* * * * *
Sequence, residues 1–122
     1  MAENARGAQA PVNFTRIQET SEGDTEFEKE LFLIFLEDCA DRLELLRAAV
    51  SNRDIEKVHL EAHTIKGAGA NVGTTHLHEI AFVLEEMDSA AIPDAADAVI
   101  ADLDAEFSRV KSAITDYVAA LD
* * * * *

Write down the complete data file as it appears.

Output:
Sequence, residues 1–122
     1  MAENARGAQA PVNFTRIQET SEGDTEFEKE LFLIFLEDCA DRLELLRAAV
    51  SNRDIEKVHL EAHTIKGAGA NVGTTHLHEI AFVLEEMDSA AIPDAADAVI
   101  ADLDAEFSRV KSAITDYVAA LD